The Residential Context of Health

This running project encompasses a variety of activities, internally funded through salary support for Terry Hartig. In general, this work concerns health in relation to social and physical properties of urban residential environments. To date, the research has involved collaborations with researchers in several countries in addition to Sweden, including Austria, Australia, Bulgaria, Germany, Iceland, Iran, Netherlands, the UK, and the USA, among others. Some of these collaborative efforts overlap in their concerns with research described under other projects here. Some of the collaborations are ongoing.

A distinctive feature of these studies is guiding theory about how aspects of the residential context come to affect health through psychological and social processes, such as psychological restoration. Completed studies have addressed questions about diverse physical and social aspects of the residential context at multiple scales, from the contents of window views in apartments to architectural complexity seen in residential streetscapes to the amount of green space in the area around the residence.

The studies done to date have applied a variety of methodological approaches, from registration of responses to environmental manipulations in laboratory and on-line settings to large epidemiological studies looking at individual or population health outcomes in relation to characteristics of residence such as the form of housing tenure. 

This project also encompasses the workshops regularly convened at conferences of the European Network for Housing Research (ENHR), as organized by the ENHR Working Group on the Residential Context of Health. This working group was launched in 1998 by Terry Hartig and Roderick Lawrence (University of Geneva, Switzerland), and it has provided a context for presentation of studies described above as well as work done by researchers from many countries. In 2016, Emma Baker (University of Adelaide, Australia) replaced Roderick Lawrence as co-coordinator of the ENHR Working Group.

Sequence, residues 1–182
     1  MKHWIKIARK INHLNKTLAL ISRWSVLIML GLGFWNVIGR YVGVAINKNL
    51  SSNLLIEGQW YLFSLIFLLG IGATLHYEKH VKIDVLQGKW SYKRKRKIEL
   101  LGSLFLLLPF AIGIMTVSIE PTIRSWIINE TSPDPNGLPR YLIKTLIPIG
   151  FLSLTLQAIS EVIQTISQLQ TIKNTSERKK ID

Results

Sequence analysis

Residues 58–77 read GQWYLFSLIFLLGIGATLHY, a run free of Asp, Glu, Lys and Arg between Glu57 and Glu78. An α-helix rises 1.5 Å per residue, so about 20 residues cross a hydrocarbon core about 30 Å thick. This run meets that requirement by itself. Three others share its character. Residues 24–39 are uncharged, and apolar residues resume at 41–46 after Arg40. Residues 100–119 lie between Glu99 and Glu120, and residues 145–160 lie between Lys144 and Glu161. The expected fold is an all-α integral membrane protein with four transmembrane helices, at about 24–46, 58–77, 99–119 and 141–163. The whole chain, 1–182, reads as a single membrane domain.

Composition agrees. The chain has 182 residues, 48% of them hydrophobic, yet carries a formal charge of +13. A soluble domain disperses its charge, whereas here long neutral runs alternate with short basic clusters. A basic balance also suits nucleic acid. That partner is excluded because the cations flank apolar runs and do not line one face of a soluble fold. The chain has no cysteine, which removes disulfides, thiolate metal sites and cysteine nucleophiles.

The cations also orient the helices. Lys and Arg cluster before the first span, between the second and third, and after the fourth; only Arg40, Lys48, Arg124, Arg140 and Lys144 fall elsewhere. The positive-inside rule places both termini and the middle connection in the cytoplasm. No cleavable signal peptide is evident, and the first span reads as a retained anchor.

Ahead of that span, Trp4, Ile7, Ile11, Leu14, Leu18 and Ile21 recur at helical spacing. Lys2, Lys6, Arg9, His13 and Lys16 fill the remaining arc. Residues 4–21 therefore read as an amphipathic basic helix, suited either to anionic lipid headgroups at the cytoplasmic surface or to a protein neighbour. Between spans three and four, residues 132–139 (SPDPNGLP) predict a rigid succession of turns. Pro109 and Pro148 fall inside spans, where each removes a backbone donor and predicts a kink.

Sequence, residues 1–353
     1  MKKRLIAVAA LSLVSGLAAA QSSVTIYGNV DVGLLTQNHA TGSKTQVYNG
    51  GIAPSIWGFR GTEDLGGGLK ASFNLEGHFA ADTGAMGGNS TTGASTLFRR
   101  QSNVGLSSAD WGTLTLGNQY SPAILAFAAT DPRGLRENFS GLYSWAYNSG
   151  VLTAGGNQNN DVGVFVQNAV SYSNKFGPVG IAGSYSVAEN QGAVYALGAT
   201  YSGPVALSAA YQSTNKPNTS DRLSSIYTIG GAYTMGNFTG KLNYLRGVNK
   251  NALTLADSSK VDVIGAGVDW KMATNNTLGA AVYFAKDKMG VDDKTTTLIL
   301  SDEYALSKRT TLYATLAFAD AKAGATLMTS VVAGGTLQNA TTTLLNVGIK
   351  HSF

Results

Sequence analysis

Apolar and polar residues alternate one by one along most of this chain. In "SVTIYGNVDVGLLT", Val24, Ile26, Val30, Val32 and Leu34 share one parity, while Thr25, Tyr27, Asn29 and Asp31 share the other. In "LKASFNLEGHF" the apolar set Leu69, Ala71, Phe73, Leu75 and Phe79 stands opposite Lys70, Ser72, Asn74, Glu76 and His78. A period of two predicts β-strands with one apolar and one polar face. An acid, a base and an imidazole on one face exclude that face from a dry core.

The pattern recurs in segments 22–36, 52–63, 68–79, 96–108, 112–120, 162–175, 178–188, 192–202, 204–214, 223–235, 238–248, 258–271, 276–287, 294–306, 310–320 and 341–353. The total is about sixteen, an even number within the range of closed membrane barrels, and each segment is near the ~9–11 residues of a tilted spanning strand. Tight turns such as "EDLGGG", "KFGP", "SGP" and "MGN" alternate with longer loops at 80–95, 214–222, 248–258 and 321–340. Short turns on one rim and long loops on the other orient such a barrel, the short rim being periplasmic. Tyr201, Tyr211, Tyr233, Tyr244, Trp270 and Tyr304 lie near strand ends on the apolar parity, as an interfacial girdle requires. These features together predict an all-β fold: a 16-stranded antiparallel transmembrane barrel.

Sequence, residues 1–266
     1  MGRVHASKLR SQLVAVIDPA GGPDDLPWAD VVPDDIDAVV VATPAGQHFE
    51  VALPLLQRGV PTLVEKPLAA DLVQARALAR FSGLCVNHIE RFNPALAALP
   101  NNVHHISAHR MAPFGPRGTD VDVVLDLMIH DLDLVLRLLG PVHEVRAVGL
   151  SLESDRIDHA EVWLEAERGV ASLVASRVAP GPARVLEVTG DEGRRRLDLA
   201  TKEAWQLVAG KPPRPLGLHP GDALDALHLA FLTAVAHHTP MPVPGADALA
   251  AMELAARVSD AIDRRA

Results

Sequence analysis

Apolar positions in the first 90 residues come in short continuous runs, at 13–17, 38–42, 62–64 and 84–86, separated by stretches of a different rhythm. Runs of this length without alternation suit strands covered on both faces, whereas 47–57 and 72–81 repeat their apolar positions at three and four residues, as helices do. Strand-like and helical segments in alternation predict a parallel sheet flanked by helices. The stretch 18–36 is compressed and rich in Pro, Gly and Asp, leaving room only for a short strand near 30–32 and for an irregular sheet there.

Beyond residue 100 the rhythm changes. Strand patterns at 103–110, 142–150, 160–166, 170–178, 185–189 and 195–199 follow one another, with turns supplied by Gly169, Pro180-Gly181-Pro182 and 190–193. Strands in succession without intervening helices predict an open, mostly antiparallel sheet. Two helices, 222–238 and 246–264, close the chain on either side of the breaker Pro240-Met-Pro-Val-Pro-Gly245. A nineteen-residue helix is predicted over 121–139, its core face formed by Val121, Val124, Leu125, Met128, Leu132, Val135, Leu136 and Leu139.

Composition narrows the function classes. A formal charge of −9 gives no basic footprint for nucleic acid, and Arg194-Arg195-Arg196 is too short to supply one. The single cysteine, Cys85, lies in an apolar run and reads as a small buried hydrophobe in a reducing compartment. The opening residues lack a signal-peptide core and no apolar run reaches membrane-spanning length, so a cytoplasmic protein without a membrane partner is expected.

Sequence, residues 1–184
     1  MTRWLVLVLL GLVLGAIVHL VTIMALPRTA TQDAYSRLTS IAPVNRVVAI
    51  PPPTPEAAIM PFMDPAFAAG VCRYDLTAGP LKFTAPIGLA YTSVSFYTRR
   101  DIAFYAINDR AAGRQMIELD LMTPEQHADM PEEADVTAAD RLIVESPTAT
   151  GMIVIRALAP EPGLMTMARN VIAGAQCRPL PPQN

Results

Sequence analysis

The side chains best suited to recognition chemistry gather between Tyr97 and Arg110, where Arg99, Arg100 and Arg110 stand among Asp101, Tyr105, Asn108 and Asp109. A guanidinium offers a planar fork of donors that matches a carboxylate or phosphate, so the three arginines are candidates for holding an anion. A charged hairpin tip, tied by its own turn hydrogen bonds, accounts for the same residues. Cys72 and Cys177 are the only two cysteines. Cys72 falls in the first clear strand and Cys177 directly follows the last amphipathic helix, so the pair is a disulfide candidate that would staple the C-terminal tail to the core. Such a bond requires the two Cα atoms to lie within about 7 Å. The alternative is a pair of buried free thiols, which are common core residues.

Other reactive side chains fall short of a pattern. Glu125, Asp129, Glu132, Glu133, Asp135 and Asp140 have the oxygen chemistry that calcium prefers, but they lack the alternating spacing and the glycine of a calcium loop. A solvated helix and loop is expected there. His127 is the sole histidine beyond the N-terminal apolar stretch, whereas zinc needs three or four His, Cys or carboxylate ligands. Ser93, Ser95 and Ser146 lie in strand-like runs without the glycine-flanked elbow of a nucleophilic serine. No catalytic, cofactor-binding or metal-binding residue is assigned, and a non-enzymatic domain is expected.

Select publications:

Masoudinejad, S., & Hartig, T. (published on-line). Window view to the sky as a restorative resource for residents in densely populated cities. Environment & Behavior.

Dzhambov, A., Hartig, T., Markevych, I., Tilov, B., & Dimitrova, D. (2018). Urban residential greenspace and mental health in youth: Different approaches to testing multiple pathways yield different conclusions.  Environmental Research, 160, 47-59.

Von Lindern, E., Hartig, T., & Lercher, P. (2016). Traffic-related exposures, constrained restoration, and health in the residential context. Health & Place, 39, 92-100.

Lindal, P. J., & Hartig, T. (2013). Architectural variation, building height, and the restorative quality of urban residential streetscapes. Journal of Environmental Psychology, 33, 26-36.

Fransson, U., & Hartig, T. (2010). Leisure home ownership and early death: A longitudinal study in Sweden. Health & Place, 16, 71-78.

Hartig, T., & Fransson, U. (2006). Housing tenure and early retirement for health reasons in Sweden. Scandinavian Journal of Public Health, 34, 472-479.

Hartig, T., Johansson, G., & Kylin, C. (2003). Residence in the social ecology of stress and restoration. Journal of Social Issues, 59, 611-636.

Hartig, T., Lindblom, K., & Ovefelt, K. (1998). The home and near-home area offer restoration opportunities differentiated by gender. Scandinavian Housing and Planning Research, 15 (Supplement), 283-296.